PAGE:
At 6:00 a.m. in at dawn when the quietness of the night still enveloped the city, Mrs. Yip was scared to tears by a team of noisy police officers standing tall at the door claiming to arrest her 32-year-old son, district councilor Sam Yip Kam-lung, for the alleged “assaulting police” 13 months ago.
Yip was not at home then, the police would not leave. They marched into the apartment and hanged on for more than an hour—Gestapo-like harassment meant more to scare the well-educated senior lady than deploy a legal arrest. Mrs. Yip was extremely perplexed and angry as she, like most of the law-abiding Hongkongers, once trusted the policemen before the outbreak of the Protest Movement in June 2019.
Five hours later at noon, Councilor Yip reported to the police with his lawyer and was informed to a trail 4 days later although he was released unconditionally last year.
The Yips are not the only family who was threatened by the “Gestapos” in Hong Kong. Sources revealed that some 26000 residents in Hong Kong were arrested during the 16-month-long movement, and the number keeps rising without arising adequate notice from the public because of the self-censorship in local media. People are arrested each and every day, but only social media release the news of arrests, which is so far the only way to help the “missing population” in Hong Kong, once the world’s safest city.
Hong Kong Police Force revealed that the missing population numbered around 3000 in 2016 and 3046 in 2018. However, in the seven months from June to December in 2019 when the protest movement remained its strong momentum, the missing population was reportedly more than 6000. Some local organizations have joined their hands to collect the information and attempted to report and find the missing ones, but the result is disappointing for obvious reasons.
A proportion of the missing population was categorized as “committing suicide” although they might have been murdered before felling from a building or throwing to the sea. A domestic helper videoed on January 13 that a man, who was apparently unconscious and possibly broken the legs, was thrown out of a building housing married police officers. The video clip was circulated widely two days later, but no investigation was followed. The public has remained in dark on both the identity of the deceased man and the situation of the helper.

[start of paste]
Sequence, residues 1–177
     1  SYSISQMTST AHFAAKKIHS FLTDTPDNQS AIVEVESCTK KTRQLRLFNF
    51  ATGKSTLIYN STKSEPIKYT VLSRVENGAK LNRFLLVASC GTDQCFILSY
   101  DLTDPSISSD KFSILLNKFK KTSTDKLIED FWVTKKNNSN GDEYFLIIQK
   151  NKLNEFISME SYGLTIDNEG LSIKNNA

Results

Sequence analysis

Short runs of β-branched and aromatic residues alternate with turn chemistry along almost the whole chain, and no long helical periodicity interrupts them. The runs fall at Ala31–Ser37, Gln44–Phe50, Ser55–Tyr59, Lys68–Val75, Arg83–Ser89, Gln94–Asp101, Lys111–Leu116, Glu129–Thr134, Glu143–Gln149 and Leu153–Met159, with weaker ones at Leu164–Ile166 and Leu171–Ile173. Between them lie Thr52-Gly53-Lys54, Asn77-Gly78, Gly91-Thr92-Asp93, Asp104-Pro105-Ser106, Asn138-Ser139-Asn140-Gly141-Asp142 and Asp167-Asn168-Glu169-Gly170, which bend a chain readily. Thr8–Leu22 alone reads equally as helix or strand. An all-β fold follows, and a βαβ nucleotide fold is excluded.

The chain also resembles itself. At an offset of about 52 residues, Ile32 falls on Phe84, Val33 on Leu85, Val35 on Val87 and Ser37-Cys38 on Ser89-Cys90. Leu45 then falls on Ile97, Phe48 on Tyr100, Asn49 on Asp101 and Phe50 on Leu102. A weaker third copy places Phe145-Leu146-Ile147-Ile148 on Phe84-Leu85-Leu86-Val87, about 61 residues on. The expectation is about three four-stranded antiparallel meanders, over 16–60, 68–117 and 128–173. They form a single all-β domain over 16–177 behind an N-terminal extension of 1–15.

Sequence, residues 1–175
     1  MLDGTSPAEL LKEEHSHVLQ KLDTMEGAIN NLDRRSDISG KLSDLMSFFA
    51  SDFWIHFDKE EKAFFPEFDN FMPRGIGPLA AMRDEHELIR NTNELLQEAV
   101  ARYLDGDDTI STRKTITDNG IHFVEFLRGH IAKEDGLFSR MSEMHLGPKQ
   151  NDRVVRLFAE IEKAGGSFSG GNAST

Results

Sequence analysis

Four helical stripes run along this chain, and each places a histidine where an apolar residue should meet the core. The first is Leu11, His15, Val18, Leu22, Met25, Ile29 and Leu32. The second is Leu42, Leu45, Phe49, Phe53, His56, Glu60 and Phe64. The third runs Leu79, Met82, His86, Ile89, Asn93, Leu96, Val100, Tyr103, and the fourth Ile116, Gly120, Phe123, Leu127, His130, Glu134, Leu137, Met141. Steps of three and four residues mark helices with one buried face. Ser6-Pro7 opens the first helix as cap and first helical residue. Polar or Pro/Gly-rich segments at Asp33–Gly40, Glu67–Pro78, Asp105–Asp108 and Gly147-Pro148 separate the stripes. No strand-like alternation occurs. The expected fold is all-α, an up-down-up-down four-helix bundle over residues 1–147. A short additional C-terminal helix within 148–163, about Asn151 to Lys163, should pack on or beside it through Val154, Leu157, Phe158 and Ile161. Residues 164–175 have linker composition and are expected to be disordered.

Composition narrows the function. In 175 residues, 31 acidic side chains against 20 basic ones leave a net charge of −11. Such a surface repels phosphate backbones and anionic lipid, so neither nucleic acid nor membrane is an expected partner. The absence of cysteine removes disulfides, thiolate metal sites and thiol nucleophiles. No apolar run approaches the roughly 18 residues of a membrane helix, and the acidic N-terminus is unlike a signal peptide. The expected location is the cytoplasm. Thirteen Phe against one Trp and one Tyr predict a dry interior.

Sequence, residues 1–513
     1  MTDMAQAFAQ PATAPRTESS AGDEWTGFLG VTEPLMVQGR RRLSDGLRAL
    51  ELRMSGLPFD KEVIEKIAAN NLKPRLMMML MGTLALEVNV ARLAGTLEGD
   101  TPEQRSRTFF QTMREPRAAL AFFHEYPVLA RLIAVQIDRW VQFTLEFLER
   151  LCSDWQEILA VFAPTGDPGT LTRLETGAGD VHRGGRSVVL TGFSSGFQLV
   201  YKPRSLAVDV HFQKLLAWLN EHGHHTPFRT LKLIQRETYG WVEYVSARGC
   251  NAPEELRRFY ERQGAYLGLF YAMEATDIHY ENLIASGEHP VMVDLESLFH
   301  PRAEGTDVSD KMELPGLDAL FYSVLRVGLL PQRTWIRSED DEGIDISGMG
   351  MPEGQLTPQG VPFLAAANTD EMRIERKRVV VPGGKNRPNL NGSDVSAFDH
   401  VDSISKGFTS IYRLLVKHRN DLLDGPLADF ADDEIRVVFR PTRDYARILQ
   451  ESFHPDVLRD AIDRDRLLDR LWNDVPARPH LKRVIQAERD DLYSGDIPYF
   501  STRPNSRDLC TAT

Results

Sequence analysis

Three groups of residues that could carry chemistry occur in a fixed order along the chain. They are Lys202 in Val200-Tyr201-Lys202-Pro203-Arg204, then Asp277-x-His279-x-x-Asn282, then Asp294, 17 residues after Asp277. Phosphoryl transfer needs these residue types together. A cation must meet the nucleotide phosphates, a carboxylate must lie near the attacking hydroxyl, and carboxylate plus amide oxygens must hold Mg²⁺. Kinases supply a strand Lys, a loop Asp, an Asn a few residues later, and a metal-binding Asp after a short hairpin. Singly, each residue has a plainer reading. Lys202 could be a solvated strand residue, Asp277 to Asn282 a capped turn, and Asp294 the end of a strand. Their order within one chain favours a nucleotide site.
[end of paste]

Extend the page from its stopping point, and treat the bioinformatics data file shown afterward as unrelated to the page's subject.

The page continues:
Although most of the deaths that claimed to be “unsuspicious suicide cases”, it has been an open secret that Hongkongers are arrested or killed by authorities in a secret way—only the neighbors or onlookers came across to the case knew something weird has happened. Media, however, tend to avoid reporting such cases for censorship.
In September for example, a senior editor of a prestigious Hong Kong media heard a huge sound at home late at night. He rushed out and found a man lying on the ground, obviously fell from above. Only a few neighbors were at the site but none of them was of the dead man’s acquaintance. Soon a middle-aged man ran to the crowd and cured the deceased person “bastard” viciously! The senior editor spared no time to report the case to the news desk but, senior as he was, the news was not published. The police claimed the death to be an “unsuspicious suicide”, the editor sensed the curse a suspicious might be a clue to a possible murder relevant to a colluded action associated with the police.
No figure can be released or fathomed on the actual missing population in Hong Kong since the government, police force, and media have “successfully” blocked the news and distracted the public to livelihood issues including housing and employment rate. The state media in the city, as well as pro-Beijing newspapers and TV stations, feel obliged to follow the orders from “the Beijing authorities” to focus on “economic development”, especially the so-called “dual cities development plan” aiming to integrate Hong Kong with abutting Shenzhen.
As Beijing and its proxies in Hong Kong are sparing no effort to terminate the liberate civil society and transform it into a police state, the new normal of tyranny is taking shape in Hong Kong. The Protest Movement takes a new form of legal “daily practices” including finding newsfeed from independent media, exchanging words and printed materials on protests during mealtime, and purchasing their daily necessities in small groceries announced to support protesters.
Resilient as Hongkongers are, the room for resisting the tyranny is shrinking quickly. Twitter, for example, has intentionally blocked the information of Hong Kong, especially those revealing the severity of police brutality and injustice of the city’s judicial system. Even the virtual community of the “brothers and sisters of protesters” is falling apart because of Beijing’s sabotages of Twitter and LIHKG, an on-line platform of young protesters.
Hongkongers are wise and brave to resist the Chinese Communist Party’s occupation of the land, but the protest demands a wide alliance of the world. Otherwise, the new normal will quickly turn to a new reality. The descending Hong Kong rings an alarming call to the world: Action! Now or never.